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Feros Village Byron Bay FAQs

Why is Feros Care Byron Bay closing?

We are closing Feros Village Byron Bay because the building was designed and built as a low care hostel 33 years ago. It can no longer meet modern obligations and requirements of a residential aged care facility. Unfortunately, it simply cannot continue in its current form.

There has been a claim made about elder abuse at Feros Care Village, Byron Bay, what is your response?

Any accusation of elder abuse should be reported immediately to the authorities. The Aged Care Quality and Safety Commission has been onsite numerous times and reported that residents are happy with their care and conduct of staff. Feros Care has zero tolerance to elder abuse. We would take any such claim extremely seriously. Our primary concern has and always will be, for the well-being of our residents.

Does Feros Care consider 120 days as a reasonable amount of notice given to vulnerable elderly residents to find alternative care in this current housing crisis environment?

It is untrue that there is no suitable accommodation for the remaining residents to move to.

To date, we have supported, and transitioned 26 of the 36 residents of Feros Byron to new homes of their choosing across the region.

Right now, all the remaining 10 residents have 2 suitable accommodation options available to choose from and move into immediately.

Currently, the 10 remaining residents at Feros Byron have chosen not to engage with us regarding the closure. On 10 May 2023, Feros Care received advice from the solicitor representing these remaining residents, instructing us to cease direct communication to residents regarding the closure.

Feros Care can accommodate all 10 remaining residents in our homes at Bangalow and Wommin Bay or in the region with other providers if they prefer, with more than 10 places immediately available and held for them if they choose to engage.

Feros Care has always and remains open to meeting with residents and their families to discuss their plans for relocation because the Village is closing.

How is Feros Care assisting the residents to find alternative accommodation?

We are doing a lot here.

  • 26 residents have been supported and already relocated to their new homes in the region.
  • Feros Care has a dedicated transition manager onsite, from Sunday to Thursday each week (to allow residents and families to meet with her on the weekend if required). An experienced Registered Nurse is otherwise available to discuss transition plans on Fridays and Saturdays;
  • Feros Care continues to offer and provide transport, buses, and tours to potential new homes at no cost to residents.
  • Feros Care has organised for the Aged Care Assessment Team (a government team, independent of Feros) to be onsite at Byron Bay to assess residents’ long-term care needs and help them plan their transition;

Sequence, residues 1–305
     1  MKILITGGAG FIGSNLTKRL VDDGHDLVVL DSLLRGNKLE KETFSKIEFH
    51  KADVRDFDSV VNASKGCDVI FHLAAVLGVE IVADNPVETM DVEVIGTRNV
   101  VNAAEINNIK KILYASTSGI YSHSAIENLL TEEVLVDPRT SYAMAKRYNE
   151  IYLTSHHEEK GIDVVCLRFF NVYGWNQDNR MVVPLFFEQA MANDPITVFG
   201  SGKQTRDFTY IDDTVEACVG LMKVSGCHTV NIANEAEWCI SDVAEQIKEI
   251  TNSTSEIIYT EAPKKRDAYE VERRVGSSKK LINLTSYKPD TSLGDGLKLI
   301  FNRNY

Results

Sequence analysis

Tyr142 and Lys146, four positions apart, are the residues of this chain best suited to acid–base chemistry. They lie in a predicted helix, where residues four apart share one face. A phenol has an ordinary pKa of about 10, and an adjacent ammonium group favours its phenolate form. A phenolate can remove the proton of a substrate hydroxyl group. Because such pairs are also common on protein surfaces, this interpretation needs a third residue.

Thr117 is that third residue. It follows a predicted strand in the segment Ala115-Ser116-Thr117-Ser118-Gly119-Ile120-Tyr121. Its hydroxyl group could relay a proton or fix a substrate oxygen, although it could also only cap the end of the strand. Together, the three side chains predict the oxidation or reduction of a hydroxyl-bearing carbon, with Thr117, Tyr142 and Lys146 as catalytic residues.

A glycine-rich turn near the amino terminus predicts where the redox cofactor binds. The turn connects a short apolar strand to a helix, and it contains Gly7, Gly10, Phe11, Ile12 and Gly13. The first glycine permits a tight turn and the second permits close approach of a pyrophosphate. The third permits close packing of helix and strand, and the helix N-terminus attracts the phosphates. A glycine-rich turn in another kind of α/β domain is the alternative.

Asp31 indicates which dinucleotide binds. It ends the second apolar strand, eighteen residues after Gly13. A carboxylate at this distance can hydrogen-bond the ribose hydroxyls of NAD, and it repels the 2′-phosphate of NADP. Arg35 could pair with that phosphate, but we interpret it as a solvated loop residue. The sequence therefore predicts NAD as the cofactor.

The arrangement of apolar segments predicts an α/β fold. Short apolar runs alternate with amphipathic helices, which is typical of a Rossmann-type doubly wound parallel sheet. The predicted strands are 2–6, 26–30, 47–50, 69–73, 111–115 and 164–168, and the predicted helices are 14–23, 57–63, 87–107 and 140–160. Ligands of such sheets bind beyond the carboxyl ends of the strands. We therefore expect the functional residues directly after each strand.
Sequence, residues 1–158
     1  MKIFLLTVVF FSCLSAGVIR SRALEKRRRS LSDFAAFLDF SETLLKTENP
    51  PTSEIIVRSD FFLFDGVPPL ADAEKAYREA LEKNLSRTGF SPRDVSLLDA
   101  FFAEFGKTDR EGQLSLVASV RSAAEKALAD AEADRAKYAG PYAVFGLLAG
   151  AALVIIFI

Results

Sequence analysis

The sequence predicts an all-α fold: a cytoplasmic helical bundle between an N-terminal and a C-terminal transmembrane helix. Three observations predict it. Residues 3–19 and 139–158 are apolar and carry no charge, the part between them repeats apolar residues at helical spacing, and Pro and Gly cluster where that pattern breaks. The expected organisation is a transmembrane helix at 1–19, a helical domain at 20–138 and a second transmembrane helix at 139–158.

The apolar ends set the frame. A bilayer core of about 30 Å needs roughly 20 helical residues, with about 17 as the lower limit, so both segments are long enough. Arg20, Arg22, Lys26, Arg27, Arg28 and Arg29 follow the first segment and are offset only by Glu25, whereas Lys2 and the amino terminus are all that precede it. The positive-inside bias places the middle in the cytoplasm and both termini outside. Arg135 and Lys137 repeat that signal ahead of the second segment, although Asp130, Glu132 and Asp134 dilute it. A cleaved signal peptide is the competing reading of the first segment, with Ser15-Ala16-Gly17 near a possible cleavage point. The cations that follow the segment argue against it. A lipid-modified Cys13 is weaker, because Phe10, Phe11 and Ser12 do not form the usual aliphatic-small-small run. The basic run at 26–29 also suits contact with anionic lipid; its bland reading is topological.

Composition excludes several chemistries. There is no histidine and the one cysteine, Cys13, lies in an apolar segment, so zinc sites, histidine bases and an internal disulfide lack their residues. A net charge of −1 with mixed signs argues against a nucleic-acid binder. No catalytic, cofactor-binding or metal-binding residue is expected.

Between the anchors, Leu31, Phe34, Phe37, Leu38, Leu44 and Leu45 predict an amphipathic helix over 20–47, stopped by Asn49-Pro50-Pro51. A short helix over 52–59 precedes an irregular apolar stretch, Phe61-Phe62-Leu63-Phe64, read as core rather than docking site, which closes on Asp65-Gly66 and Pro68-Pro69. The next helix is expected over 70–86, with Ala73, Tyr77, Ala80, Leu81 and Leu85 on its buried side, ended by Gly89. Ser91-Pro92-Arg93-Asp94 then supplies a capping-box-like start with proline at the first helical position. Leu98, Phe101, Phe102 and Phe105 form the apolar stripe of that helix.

• Feros Care has provided an external aged care placement provider, Health & Aged Assist at no cost for all residents if they prefer an independent person to help them find alternative accommodation.
  • Feros Care has offered all family members and residents counselling at no cost to them through the independent Access EAP service – and arranged for counsellors to be onsite every week since the announcement of the closure.
  • Feros Care continues to provide the 10 remaining residents with wellbeing support services including an onsite GP, an onsite counsellor, phone-based counsellor services and access to independent placement and advocacy services. Our priority is supporting the wellbeing of remaining residents as they transition to their new home.

Is there a possibility that Feros Care could extend the Management of the facility for the term of the licence (May 2024) so an alternative provider could be tendered to manage the facility within this timeframe?

Unfortunately, no, as it would be irresponsible to place residents at continued risk.

It was reported that Feros Care was unable to meet the complex regulations required – could you advise what these complexities are?

All Government funded Residential Aged Care facilities, including Feros Byron Village, must comply with four significant legislative requirements (amongst others), with the Act (and subordinate legislation) being the main law that covers government-funded aged care in Australia.

The Act sets out rules for things like funding, regulation, approval of providers, quality of care and the rights of people receiving care.

  • The Aged Care Act (the Act)